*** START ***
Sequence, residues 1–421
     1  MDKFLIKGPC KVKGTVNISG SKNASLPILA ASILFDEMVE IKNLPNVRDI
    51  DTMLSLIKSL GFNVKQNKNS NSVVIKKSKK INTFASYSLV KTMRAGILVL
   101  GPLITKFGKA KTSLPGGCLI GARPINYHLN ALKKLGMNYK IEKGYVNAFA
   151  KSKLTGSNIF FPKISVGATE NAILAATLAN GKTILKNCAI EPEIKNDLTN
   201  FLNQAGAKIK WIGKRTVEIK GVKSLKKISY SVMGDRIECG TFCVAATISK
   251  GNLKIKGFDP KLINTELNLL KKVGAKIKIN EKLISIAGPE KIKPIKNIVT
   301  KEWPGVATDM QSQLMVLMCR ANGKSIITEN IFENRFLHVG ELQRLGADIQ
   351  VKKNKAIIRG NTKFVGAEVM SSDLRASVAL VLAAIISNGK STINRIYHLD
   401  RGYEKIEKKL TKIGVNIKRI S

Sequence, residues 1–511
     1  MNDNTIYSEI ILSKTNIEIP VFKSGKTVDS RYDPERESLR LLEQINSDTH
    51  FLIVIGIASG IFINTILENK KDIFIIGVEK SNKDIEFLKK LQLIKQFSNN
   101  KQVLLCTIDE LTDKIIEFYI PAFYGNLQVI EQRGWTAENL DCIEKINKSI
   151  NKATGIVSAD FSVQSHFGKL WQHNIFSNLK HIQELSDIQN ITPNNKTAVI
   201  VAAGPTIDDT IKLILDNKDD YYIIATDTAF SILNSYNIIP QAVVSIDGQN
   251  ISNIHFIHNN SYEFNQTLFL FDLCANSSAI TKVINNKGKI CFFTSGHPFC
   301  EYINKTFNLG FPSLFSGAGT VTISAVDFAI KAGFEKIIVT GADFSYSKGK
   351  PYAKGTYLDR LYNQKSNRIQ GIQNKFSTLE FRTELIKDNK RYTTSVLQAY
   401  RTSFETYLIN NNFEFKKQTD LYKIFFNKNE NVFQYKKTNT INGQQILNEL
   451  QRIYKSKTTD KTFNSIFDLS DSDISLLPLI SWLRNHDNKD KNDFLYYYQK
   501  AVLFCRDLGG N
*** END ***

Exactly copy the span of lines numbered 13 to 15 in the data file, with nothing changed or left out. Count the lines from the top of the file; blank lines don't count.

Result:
    51  FLIVIGIASG IFINTILENK KDIFIIGVEK SNKDIEFLKK LQLIKQFSNN
   101  KQVLLCTIDE LTDKIIEFYI PAFYGNLQVI EQRGWTAENL DCIEKINKSI
   151  NKATGIVSAD FSVQSHFGKL WQHNIFSNLK HIQELSDIQN ITPNNKTAVI